Batch files in IDL are .PRO files that contain a series of single IDL statements, executed in order. Batch files are not programs - they cannot be compiled and run. Instead, IDL interprets and executes each statement inside of a batch file sequentially, as if you had entered them directly at the IDL command prompt.
You can run IDL in non-interactive mode (batch mode) by entering the character @ followed by the name of a file containing IDL executive commands and statements.
To enter batch mode from the IDL command line, type:
at the IDL prompt, where filename is the name of the batch file. (Note that the @ symbol must be the first character on the line in order for it to be interpreted properly.) IDL reads commands inside the specified file until the end of the file is reached.
Note: Batch files can be nested by placing a call to one batch file within another, or they can call functions or routines.
If filename does not include a file extension, IDL searches the current working directory and the directories specified by the !PATH system variable for a file with filename as its base, with the file extension .pro. If filename.pro is not found in a given directory, IDL searches for filename with no extension in that directory. If filename is found (with or without the .PRO extension), the file is executed and the search ends. If filename includes a full path specification, IDL does not search the directories in !PATH.
Batch execution can be terminated before the end of the file, with control returning to interactive mode without exiting IDL, by calling the STOP procedure from the batch file. Calling the EXIT procedure from the batch procedure has the usual effect of terminating IDL.
Interpretation of Batch Statements
Each line of a batch file is interpreted exactly as if it was entered from the keyboard at the IDL command line. In batch mode, IDL executes each statement before reading the next statement. This differs from the interpretation of programs compiled using .RNEW or .RUN, in which all statements in a program are compiled as a single unit and then executed.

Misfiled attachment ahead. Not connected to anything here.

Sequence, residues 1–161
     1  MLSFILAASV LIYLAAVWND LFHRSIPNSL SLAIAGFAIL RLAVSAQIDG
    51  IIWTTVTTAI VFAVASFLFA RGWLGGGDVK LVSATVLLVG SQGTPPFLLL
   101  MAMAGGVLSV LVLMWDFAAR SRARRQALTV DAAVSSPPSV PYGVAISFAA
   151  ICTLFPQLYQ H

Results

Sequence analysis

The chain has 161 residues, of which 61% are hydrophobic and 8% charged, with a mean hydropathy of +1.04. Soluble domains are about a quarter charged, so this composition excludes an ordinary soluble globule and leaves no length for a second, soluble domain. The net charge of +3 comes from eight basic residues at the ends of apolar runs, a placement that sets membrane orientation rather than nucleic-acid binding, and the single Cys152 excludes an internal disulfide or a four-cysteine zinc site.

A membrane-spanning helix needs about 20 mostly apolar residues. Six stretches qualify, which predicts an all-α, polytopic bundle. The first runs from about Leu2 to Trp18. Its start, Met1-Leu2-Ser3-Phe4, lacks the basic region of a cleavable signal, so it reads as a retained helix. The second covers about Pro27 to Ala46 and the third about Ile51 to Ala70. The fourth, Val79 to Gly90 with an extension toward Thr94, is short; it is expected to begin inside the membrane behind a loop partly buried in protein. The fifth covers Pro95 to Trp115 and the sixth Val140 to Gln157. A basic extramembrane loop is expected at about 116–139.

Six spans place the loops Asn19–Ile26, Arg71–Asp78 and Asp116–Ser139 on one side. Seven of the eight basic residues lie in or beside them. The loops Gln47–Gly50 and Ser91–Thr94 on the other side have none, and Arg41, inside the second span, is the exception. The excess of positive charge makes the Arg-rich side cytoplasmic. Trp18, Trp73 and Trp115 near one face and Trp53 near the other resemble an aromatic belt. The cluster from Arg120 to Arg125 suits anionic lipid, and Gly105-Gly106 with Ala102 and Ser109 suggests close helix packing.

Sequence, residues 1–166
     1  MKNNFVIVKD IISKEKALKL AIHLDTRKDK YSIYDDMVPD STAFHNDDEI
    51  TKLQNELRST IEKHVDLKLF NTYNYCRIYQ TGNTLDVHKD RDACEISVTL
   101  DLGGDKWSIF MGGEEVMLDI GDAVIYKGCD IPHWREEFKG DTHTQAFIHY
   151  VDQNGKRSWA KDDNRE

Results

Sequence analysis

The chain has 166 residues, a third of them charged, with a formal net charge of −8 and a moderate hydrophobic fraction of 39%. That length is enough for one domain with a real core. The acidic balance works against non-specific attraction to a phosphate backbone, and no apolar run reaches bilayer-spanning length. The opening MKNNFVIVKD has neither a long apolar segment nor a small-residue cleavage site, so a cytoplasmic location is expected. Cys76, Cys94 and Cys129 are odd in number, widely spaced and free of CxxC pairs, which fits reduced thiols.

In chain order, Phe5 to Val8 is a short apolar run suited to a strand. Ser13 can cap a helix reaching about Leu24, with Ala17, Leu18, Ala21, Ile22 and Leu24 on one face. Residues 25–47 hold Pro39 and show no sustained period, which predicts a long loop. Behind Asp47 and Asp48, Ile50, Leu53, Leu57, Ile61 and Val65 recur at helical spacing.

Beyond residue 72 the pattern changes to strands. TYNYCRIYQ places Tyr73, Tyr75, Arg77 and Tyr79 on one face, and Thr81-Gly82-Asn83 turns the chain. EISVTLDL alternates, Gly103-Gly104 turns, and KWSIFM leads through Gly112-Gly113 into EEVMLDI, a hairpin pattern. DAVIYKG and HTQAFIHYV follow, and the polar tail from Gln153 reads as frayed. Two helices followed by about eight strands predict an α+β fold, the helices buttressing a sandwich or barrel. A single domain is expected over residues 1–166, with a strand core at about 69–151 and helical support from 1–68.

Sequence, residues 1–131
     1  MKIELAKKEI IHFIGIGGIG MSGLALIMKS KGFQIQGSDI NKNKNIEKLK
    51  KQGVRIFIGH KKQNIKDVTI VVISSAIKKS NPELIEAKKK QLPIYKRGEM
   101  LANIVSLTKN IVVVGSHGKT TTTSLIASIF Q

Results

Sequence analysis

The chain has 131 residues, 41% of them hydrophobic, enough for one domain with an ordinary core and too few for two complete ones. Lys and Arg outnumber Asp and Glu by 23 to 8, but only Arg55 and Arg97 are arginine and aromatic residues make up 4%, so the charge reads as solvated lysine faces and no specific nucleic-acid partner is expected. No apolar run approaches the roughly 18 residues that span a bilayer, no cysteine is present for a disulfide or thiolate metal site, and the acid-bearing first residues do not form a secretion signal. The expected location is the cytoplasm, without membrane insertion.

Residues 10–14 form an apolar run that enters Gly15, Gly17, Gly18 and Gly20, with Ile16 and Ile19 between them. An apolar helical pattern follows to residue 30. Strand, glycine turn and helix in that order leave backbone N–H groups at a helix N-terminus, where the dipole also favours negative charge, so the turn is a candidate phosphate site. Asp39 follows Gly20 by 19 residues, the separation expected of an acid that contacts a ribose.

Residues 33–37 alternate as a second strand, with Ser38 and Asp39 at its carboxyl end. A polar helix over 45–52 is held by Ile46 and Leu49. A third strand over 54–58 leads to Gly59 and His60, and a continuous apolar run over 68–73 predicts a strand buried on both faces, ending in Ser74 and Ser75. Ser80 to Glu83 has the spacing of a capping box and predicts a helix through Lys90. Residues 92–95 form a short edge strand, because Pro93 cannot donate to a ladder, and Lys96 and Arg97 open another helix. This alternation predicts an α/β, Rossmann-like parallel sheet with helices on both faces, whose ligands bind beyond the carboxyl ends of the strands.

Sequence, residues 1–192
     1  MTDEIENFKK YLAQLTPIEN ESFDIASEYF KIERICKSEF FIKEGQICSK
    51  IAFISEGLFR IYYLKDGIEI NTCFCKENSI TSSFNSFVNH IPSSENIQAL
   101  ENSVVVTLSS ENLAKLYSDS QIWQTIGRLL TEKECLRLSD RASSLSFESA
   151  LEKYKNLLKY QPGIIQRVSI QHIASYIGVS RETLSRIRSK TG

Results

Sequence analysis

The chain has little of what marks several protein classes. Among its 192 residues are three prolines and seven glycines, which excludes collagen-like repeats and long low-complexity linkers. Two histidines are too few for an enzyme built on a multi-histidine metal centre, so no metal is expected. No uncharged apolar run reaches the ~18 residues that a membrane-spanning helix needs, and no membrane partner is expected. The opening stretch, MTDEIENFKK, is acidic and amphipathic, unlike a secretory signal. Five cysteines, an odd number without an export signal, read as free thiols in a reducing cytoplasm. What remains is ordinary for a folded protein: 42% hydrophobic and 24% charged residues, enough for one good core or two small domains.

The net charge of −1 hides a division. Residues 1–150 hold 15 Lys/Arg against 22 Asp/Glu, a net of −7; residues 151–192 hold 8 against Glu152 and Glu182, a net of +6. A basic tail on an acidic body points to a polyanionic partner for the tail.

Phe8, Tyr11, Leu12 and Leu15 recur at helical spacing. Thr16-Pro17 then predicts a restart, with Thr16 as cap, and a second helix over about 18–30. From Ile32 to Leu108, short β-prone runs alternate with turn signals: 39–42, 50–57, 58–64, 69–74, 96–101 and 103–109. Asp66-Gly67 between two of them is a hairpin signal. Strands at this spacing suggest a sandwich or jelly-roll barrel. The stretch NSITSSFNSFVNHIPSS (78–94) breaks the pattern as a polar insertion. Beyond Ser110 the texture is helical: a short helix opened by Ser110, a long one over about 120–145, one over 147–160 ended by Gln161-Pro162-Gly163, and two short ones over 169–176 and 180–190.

Labels are illegal in the batch mode because each statement is compiled and executed independently.
Multiline statements must be continued on the next line using the $ continuation character, because IDL terminates every interactive mode statement not ending with $ by an END statement. A common mistake is to include a multiple-line block statement in a batch file as shown below:
FOR I = 1, 10 DO BEGIN
A = X[I]
In batch mode, IDL compiles and executes each line separately, causing syntax errors in the above example because no matching ENDFOR is found on the line containing the BEGIN statement when the line is compiled. The above example could be made to work by writing the block of statements as a single line using the $ (continuation) and & (multiple commands on a single line) characters.
An example of an IDL executive command line that initiates batch execution:
This command causes the file myfile.pro to be used for statement and command input. If this file is not in the current directory, the directories specified by !PATH are also searched.
An example of the contents of a batch file called in.pro follows:
PRINT, 'Job started'
n = 100
PRINT, 'Job complete'
Note there is no END statement in the batch file, above. The job of the batch file in.pro is to line up the tasks to execute. In this case we named them TASK1, TASK2, etc., each of which is an IDL program. This example uses procedures to represent the tasks, but any program type will work. The program TASK1 that was called in the batch file (above) executes a single task:
PRO TASK1, n
IF n EQ !null THEN n = 100
x = FINDGEN(n)
p = PLOT(x, /BUFFER, TITLE='Plot #000')
p.SAVE, 'plot000.png', RESOLUTION=96
FOR i=1, n-1 DO BEGIN
si = STRING(i, FORMAT='(i3.3)')
p.TITLE = 'Plot #' + si
p.SETDATA, x + i
p.SAVE, 'plot' + si + '.png', RESOLUTION=96
Command-line Options for IDL Startup, Include Files, IDL Build Properties, Overview of IDL Program Types, Starting A Runtime Application, Special Characters